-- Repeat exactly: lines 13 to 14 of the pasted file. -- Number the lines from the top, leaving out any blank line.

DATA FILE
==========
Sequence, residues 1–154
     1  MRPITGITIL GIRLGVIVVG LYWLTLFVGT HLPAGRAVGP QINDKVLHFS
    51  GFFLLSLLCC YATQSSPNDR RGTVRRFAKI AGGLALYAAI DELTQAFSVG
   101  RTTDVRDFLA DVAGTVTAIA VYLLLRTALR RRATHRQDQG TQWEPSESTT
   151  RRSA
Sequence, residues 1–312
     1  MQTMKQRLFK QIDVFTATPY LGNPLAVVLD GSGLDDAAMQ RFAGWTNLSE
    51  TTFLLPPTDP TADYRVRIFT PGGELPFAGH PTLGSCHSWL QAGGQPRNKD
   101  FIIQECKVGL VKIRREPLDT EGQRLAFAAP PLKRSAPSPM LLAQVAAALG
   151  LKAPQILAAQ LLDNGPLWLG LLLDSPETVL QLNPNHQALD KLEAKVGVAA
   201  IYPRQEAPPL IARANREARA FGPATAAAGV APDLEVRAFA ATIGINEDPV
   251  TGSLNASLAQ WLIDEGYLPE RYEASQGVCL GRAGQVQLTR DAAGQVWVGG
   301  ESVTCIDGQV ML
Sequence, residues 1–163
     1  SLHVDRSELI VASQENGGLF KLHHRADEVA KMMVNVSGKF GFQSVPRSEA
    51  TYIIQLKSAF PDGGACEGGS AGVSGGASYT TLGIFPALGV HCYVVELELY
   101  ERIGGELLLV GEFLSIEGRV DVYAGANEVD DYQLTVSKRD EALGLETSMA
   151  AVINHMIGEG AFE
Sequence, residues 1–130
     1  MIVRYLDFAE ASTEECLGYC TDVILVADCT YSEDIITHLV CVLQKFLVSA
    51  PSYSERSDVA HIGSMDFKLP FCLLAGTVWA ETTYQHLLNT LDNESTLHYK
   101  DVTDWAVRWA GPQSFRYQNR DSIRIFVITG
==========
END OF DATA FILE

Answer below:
   301  ESVTCIDGQV ML
Sequence, residues 1–163